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All breakages to be paid for

28 September 2018

School funding is at a critical level — so much so that one-form entry schools are no longer financially viable. The Government must act, says Anthony David


Handling school finances are a bit like juggling glass balls, with an increasing risk of shattering something important

Handling school finances are a bit like juggling glass balls, with an increasing risk of shattering something important

TO SAY that we are looking over the precipice in terms of educational funding is no over-statement. It is not my attempt to sensationalise: it is where we are. Funding effectively halted in schools seven years ago, when ever-increasing demands were made on a shrinking budget.

While it was good news that the pay rise awarded to teachers in July was going to be fully funded by the Department for Education, what was not mentioned was the larger pay rise awarded to non-teaching staff which schools will have to support themselves.

Increasingly, I am hearing executive head teachers and CEOs of larger multi-academy trusts (MATs) state that one-form entry schools are simply not financially viable now. But here’s the rub: the average primary school has approximately 260 pupils: in other words, a one-form entry school with a nursery.

Effectively, MATs and the new generation of executive heads are turning their heads away from more than 50 per cent of schools for financial reasons. Within this mix are the majority of Anglican voluntary aided schools — the traditional school that has faithfully served communities for generations.

I straddle both camps: I lead one school that is new and large, and therefore financially viable; and I lead a traditional Anglican school. Both schools have attained the highest external judgements, and both are respected by their communities as the place to be. It is an honour to be leading them, but we have this model purely because it is, financially, the smartest way forward. Indeed, without this model the smaller school could face imminent closure.

The irony is that small schools typically have the highest attendance, strongest exam results, lowest behaviour concerns, and greatest stability. All of these things are essential for the long-term well-being and sure start of our pupils. The London Diocesan Board of Schools (LDBS) has recently reported that, of its 150-plus schools, more than 95 per cent have been judged by OFSTED to be good or better. No local authority could even begin to come close to that claim. Yet the majority of schools within the LDBS are small and at financial risk.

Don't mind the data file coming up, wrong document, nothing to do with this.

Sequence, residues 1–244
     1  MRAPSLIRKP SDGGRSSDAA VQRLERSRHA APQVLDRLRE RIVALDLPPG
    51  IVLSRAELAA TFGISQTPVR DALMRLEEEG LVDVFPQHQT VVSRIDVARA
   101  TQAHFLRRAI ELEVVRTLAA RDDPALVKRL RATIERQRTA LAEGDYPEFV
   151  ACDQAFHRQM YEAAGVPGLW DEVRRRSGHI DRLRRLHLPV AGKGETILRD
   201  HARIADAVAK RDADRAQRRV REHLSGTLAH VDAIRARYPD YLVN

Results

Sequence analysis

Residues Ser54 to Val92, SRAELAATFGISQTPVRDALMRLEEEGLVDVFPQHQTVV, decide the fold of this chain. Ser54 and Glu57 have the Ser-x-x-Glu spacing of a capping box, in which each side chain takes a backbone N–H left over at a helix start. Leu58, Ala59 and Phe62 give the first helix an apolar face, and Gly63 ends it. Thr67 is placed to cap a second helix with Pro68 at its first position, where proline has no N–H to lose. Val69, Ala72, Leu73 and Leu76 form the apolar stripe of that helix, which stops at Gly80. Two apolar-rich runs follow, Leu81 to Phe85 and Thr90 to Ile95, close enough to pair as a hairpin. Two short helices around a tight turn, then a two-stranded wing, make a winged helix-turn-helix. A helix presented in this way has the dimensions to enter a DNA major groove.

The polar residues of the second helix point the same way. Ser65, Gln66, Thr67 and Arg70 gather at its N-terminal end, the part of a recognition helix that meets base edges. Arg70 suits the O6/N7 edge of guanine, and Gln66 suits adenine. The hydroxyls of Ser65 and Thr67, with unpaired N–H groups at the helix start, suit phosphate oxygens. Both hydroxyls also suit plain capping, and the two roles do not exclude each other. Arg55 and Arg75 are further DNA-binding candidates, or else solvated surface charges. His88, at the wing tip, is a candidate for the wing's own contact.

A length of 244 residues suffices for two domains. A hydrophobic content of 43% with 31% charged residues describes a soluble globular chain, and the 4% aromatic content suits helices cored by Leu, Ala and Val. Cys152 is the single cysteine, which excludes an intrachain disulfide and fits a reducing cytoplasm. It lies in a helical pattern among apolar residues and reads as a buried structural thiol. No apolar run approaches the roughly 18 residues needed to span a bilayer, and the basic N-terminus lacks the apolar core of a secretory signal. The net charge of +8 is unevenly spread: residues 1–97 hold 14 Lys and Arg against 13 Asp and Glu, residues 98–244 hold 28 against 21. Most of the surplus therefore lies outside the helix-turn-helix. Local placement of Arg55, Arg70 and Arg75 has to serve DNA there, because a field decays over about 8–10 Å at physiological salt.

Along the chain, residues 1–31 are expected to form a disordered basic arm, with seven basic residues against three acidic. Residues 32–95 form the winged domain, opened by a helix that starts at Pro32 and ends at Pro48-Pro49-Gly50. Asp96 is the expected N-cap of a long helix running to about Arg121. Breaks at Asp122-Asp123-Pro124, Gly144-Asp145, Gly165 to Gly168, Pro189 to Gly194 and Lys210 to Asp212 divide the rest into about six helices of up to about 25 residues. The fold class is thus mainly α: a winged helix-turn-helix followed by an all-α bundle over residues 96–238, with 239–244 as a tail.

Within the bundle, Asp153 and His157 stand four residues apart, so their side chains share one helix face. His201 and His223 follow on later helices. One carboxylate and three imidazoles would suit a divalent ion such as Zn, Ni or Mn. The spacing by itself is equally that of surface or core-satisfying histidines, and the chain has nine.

Are schools over-staffed? That is an obvious question, given that 90 per cent of the budget covers staffing costs: reduce staff, and have a more flexible budget. I have cut staff in my smaller school by 20 per cent, and we are now looking at how we can reduce further. Can Mr David, perhaps, be shared over more schools? Do we really need that teaching assistant? Can the teaching assistant cover any gaps in the day which would traditionally be covered by teachers? All of these are options, and all carry risks. And that is a real danger.

No school in the country wants to go under; that sense of service runs deep, particularly within church schools. But they face increasing risk. A head once said to me that school leadership was like juggling balls: it doesn’t matter if you drop a couple of balls, as long as it’s not the glass ones. As we stretch our finances, we risk juggling more and more glass balls, with a higher and higher risk of shattering something important. The real risk, to misquote Donald Rumsfeld, are the unknown unknowns.

Over the past few years, the Government has managed a double act of high-profile campaigns, considering fair funding across the country, while at the same time stealthily increasing various “taxes”, such as pension contributions and National Insurance, and introducing new levies such as the Apprenticeship Levy. The Fair Funding formula was exposed as being anything close to “fair”, but has continued, despite nationwide protest.

It is the stealth taxes, however, that have hit hard. Each tax nibbles a few thousand here, a few thousand there, and have been commissioned in the mid-financial year. When you have lean budgets, it is hard to find an additional (and unexpected) few thousand mid-year, and this has led, inevitably, to some schools’ falling into deficit — not because they have been financially negligent, but because the taxman has demanded unexpected taxes.

It is the unexpected nature of these challenges that is the important point. Heads are used to planning for change, but we do not expect our Government to make financial demands without any warning. When taxes change, seemingly on a whim, the cost is trust.

School finances are at that point when tithes, summer fairs, and gifts are not going to come close to filling the gap that is opening up. Many schools are going under today, and, within two years, thousands of schools will be in deficit. The Government seems to be reluctant to commit any additional funds, but the longer it holds off, the greater the risk that education faces. That precipice is looking a bit closer since starting this article.

Anthony David is an educational commentator, writer, and school leader

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